EconEdLink

Related Lessons

Lesson: Closing the Gap


When Graphs Mislead Us

Students view a video and answer questions about Gross Domestic Product (GDP). Graphs of real GDP per capita are used to demonstrate that the same set of data can be shown in different ways. Students are introduced to the concept of misleading graphs and complete an activity to identify misleading aspects of graphs. Working in groups, students support a given headline statement by manipulating a graph using an interactive tool. This will teach scale, origin, and units on a graph along with what makes a graph misleading. The lesson assumes students are able to calculate rate of change.

Grades: 9-12
Published: 11/25/2014

Okun's Law

The students sharpen their graphing skills by interpreting the relationship between changes in the unemployment rate (%) and real GDP. From this graph, students will determine the natural rate of GDP growth for the U. S. Economy since 1960. They draw the linear relationship between the change in unemployment and GDP and interpret their graphs.

Grades: 9-12
Published: 11/02/2009

How is Our Economy Doing?

Students learn the meaning and measurement of six important economic indicators and use the St. Louis Federal Reserve Bank National Economic Trends website to assess the current state of the economy.

Grades: 9-12
Published: 03/06/2003

Related Publications

The following lessons come from the Council for Economic Education's library of publications. Clicking the publication title or image will take you to the Council for Economic Education Store for more detailed information.


Focus: Understanding Economics in U.S. History

Focus: Understanding Economics in U.S. History uses a unique mystery-solving approach to teach U.S. economic history to your high school students.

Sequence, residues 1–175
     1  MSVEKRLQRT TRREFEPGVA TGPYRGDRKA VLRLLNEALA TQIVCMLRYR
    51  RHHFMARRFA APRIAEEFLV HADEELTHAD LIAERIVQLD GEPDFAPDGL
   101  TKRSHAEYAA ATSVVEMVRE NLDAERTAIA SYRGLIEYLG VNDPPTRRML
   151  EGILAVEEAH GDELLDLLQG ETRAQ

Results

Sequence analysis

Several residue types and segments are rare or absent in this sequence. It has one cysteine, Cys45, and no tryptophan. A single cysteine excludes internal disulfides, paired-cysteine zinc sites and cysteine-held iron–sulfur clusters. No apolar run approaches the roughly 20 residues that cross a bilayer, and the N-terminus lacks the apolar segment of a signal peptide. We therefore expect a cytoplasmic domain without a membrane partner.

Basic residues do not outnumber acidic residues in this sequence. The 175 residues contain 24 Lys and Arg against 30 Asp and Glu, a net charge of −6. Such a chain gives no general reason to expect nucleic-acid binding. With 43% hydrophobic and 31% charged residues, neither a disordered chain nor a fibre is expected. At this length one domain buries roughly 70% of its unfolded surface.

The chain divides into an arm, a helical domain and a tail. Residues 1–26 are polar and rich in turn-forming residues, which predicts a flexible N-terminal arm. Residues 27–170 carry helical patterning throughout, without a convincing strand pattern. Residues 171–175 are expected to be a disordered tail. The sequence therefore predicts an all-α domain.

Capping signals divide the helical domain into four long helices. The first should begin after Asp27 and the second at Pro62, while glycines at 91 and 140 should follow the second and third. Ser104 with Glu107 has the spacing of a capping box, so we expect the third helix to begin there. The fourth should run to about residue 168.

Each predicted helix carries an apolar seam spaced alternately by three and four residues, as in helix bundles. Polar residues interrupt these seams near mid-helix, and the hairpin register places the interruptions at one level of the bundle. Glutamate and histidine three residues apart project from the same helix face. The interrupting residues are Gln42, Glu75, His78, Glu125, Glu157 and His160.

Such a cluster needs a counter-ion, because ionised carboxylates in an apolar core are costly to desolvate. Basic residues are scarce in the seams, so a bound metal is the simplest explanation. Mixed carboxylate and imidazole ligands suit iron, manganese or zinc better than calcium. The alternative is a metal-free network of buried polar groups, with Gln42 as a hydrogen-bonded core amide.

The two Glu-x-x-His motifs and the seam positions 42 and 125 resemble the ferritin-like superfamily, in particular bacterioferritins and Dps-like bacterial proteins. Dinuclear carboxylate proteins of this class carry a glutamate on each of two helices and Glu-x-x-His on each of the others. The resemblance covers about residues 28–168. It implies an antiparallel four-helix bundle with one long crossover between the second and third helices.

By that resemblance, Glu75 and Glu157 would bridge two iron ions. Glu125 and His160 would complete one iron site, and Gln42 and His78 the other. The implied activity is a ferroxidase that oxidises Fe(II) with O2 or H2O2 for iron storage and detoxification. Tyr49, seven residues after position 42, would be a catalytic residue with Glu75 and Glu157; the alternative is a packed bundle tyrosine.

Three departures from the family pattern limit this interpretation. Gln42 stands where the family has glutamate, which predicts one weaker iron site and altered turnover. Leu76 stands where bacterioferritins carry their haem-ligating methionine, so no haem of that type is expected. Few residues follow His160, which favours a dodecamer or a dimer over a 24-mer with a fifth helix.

Grades: 9-12
Published: 2006

7 out of 40 lessons from this publication relate to this EconEdLink lesson.

Teaching Financial Crises

Teaching Financial Crises is an eight lesson resource that provides an organizing framework in which to contextualize all of the media attention that has been paid to the recent financial crisis, as well as put it in a historical context. The current events stories, opinion pieces, and other popular media pieces that are today in great supply have generally not connected to educational objectives, historical analysis, and economic processes and concepts that are used in the high school classroom. In Teaching Financial Crises, teachers will find a non-partisan and non-ideological resource to help them simplify and offer balanced perspectives on this challenging subject matter.

Grades: 9-12
Published: 2010

5 out of 9 lessons from this publication relate to this EconEdLink lesson.

Capstone: Exemplary Lessons for High School Economics - Teacher's Guide

This publication contains complete instructions for teaching the lessons in Capstone. When combined with a textbook, Capstone provides activities for a complete high school economics course. 45 exemplary lessons help students learn to apply economic reasoning to a wide range of real-world subjects.

Grades: 9-12
Published: 2003

4 out of 45 lessons from this publication relate to this EconEdLink lesson.